Links to today’s show transcripts:
Going “Full Dictator”? Trump Claims He Has Right to End Mueller Investigation or Pardon Himself
As President Trump celebrated his 500th day in office Monday, many legal experts warned that the country could soon face a constitutional crisis as the president continues to attack special counsel Robert Mueller’s investigation. On Monday, Trump tweeted, “The appointment of the Special Counsel is totally UNCONSTITUTIONAL!” He also tweeted, “As has been stated by numerous legal scholars, I have the absolute right to PARDON myself.” Over the weekend, The New York Times published a 20-page confidential letter written by Trump’s lawyers to special counsel Robert Mueller, in which his lawyers claim Trump is above the law and thus cannot have illegally obstructed the Mueller investigation. Trump’s attorneys also claim the Constitution gives the president power to terminate the Mueller probe.
Trump Cancels Philadelphia Eagles’ WH Visit Amid Feud with Players over Racial Justice Protests
On Monday evening, Donald Trump abruptly called off today’s planned visit by the Super Bowl-winning Philadelphia Eagles, after it became clear that most of the team had opted out of the event. In a statement announcing the decision, Trump said, “The Philadelphia Eagles are unable to come to the White House with their full team to be celebrated tomorrow. They disagree with their President because he insists that they proudly stand for the National Anthem, hand on heart, in honor of the great men and women of our military and the people of our country.” But not a single Eagles player kneeled during the national anthem in the 2017 season. Several members of the Philadelphia Eagles announced in February that they wouldn’t visit the White House for the traditional Super Bowl victory celebration, as a protest against President Trump. Among them are Malcolm Jenkins, Torrey Smith and Chris Long.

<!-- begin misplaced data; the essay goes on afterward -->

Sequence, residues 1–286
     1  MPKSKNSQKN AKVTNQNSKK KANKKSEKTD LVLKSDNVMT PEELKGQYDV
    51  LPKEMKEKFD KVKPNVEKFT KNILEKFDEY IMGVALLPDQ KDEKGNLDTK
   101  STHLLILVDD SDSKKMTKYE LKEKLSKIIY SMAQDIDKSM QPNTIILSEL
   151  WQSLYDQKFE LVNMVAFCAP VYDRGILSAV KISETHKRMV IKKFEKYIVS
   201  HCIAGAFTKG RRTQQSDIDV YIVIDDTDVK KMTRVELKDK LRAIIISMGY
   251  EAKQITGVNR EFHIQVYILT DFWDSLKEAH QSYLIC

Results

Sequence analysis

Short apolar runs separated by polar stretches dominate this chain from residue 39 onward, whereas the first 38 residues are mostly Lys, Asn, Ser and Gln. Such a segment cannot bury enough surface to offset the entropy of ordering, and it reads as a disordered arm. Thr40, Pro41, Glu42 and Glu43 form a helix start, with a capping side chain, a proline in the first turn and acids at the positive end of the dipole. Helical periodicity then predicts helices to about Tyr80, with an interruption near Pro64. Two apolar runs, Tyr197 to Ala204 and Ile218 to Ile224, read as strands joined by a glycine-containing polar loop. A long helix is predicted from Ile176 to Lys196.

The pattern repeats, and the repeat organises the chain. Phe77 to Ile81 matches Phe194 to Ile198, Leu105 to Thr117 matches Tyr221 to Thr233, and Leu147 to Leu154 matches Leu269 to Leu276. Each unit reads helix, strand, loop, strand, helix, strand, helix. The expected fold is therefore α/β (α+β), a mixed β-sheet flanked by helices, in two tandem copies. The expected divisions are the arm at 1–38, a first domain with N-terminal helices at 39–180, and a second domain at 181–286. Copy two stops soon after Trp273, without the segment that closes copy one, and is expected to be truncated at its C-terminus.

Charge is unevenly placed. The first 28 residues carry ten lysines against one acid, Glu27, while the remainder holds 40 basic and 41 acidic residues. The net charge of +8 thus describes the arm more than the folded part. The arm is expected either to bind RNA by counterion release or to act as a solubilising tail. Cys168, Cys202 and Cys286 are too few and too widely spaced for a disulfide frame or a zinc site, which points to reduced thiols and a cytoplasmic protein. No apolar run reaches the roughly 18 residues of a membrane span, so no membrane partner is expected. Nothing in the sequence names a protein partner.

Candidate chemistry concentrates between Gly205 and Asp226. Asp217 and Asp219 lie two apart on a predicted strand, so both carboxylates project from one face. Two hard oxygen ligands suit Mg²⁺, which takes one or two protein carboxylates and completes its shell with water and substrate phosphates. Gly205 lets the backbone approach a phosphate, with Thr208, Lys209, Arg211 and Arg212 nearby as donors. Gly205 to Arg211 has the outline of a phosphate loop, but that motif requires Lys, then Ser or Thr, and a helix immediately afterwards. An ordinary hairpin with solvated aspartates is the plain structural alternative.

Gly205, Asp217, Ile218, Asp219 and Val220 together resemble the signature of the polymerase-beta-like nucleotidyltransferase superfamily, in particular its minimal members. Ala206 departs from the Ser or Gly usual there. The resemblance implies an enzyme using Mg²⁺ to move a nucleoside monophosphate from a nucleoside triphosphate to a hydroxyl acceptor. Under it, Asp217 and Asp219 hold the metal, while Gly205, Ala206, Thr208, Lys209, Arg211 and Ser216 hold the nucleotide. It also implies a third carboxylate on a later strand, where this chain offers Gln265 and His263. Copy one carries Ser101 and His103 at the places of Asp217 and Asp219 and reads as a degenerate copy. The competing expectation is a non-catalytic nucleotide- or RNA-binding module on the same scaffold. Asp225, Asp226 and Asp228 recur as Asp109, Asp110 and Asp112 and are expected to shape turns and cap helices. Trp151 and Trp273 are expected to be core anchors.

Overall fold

“Hidden Horrors”: Reporter Debbie Nathan on Mass Trials & Kids Separated from Parents at the Border
Immigrants are facing mass trials and family separation at the U.S.-Mexico border, as the government implements “zero tolerance” policies directed at those trying to enter the United States. Mass trials for crossing the border, and scattered cases of family separations, have taken place since “Operation Streamline” was first introduced in 2005. But last month, Attorney General Jeff Sessions announced the federal government will now prosecute “100 percent of illegal southwest border crossings.”
In Narrow Ruling, Supreme Court Sides with Baker Who Refused Cake to Same-Sex Couple
The Supreme Court ruled Monday in favor of a Colorado baker who refused to make a wedding cake for a gay couple, citing his religious opposition. In a narrow 7-2 decision, the justices faulted the Colorado Civil Rights Commission’s handling of the claims brought against baker Jack Phillips, saying the commission had shown a hostility to religion. Though the case pitted claims of religious freedom against the fight for gay rights, the ruling stopped short of setting a major precedent on whether businesses can deny people services because of their sexual orientation.